Sandwich Generation Struggling With Dual Caregiver Responsibilities
A new study released today by The Consulting Practice at Bright Horizons indicates that members of the sandwich generation -- those with child and elder caregiving responsibilities -- are increasingly concerned about the balance of work and responding to the additional caregiving needs of older relatives. However, the same study confirms that employers who provide back-up child and elder care are helping to maintain productivity and commitment for those employees during times when there is a breakdown in care for loved ones -- children, parents, or in some cases, spouses.
One survey respondent said, "When a child or family member needs care and there is no one but you who can give it, it is impossible to focus on work. The stress and worry about care for your child or the elder who needs care is all-consuming. Without the availability of both the child care and the elder care I would have been unable to work. It is hands down, the most important benefit my company provides and is one of the many reasons I love my job. Without it, my productivity would be significantly affected."
The U.S. Census Bureau reports that approximately one of every eight Americans between the ages of 40 and 60 can be considered a part of the sandwich generation, and experts expect those figures to grow. Seventy percent of the survey respondents who reported having caregiving responsibilities for an adult/elder and for a child were between 31 and 45 years old and one third were with their employer for more than 10 years, placing them in a subsection of the workforce critical to employers because of the knowledge and leadership they bring.
Sandwich generation respondents say that they place a huge value on back-up care and that it has a direct impact on how engaged they are in their jobs and how they feel about their employer. Of the sandwich generation respondents:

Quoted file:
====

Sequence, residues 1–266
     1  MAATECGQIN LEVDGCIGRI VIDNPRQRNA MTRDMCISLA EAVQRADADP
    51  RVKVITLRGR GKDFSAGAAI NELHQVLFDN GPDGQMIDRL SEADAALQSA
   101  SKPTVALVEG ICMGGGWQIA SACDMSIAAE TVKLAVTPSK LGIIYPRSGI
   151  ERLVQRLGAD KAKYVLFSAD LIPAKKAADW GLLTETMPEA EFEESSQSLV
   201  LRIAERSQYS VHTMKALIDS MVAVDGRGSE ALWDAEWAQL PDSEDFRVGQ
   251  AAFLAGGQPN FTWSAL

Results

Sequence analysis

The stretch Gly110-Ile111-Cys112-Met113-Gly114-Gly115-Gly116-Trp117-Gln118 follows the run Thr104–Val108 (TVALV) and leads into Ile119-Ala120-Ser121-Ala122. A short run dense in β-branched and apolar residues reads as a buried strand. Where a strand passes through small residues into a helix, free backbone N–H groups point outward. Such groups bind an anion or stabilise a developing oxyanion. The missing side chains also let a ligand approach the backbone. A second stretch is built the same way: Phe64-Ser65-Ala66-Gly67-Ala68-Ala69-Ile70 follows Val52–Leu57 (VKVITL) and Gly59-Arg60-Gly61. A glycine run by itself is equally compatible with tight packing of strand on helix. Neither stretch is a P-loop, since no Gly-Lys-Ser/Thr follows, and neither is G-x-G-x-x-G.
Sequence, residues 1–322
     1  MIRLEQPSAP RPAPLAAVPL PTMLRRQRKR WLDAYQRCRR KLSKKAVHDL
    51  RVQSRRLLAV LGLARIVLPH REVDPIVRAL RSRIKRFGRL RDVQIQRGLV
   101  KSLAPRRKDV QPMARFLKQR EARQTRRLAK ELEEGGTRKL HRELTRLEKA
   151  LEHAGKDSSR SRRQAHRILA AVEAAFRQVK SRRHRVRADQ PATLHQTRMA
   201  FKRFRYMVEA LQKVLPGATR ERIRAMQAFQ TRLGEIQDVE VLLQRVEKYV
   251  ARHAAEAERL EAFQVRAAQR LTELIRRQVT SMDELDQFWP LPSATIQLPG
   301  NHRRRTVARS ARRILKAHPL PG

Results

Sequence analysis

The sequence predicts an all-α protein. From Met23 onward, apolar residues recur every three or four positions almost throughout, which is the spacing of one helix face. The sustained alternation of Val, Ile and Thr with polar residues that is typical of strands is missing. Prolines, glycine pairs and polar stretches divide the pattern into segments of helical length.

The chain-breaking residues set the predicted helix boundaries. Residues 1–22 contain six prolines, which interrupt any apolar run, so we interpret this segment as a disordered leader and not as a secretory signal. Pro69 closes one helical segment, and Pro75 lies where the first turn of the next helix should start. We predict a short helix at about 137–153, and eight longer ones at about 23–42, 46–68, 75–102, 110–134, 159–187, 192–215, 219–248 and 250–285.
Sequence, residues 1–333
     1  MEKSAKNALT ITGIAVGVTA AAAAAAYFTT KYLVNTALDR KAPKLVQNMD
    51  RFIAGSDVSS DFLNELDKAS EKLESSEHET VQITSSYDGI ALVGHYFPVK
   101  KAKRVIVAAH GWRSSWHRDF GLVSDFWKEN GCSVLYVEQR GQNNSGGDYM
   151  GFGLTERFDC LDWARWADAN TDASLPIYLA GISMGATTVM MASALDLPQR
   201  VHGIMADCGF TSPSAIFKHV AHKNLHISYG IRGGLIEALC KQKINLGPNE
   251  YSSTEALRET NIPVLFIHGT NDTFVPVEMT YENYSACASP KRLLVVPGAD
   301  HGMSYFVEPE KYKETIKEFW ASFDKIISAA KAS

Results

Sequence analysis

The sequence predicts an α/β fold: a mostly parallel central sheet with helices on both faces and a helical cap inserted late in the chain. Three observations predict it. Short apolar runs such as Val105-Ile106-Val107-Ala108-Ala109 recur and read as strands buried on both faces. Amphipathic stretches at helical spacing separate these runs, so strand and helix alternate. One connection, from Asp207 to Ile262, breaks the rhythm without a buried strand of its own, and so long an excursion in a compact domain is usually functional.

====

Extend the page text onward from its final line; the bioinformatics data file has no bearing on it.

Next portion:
* 77 percent are more productive because back-up care is available to them
* 77 percent are more likely to continue to work for their employer because back-up care is available to them
* 85 percent would be more likely to recommend their employer because of the back-up care benefit
The study is the latest in a decade-long series focused on work-life issues and surveyed more than 5,800 employees at approximately 400 organizations that offer back-up care to their employees. Employees who answered the survey used either well-child care (in a child care center or in the home), mildly ill child care (in the home), or adult/elder care (in the home).
Other key findings include:
* Respondents who have used adult/elder back-up care within the past six months saved an average of 10 work days
* 86 percent of respondents reported that in the last six months, back-up care enabled them to work on a day they otherwise would not have been able to and on average, back-up care enabled them to work four days during that time
* 87 percent of survey respondents said that back-up care reflects favorably on the company image
* 67 percent are more likely to stay with their employer because of access to back-up care
"Employees across all industries at all levels are faced with challenges as they try to integrate their personal and professional lives and as family members age and school schedules change, even the best laid plans can breakdown from time to time," said Bright Horizons CEO Dave Lissy. "Benefits like back-up child and elder care truly 'save' both the employee and the employer. Back-up helps employees to manage the responsibilities of caring for loved ones and helps employers to limit losses in productivity and disruptions in the work routine."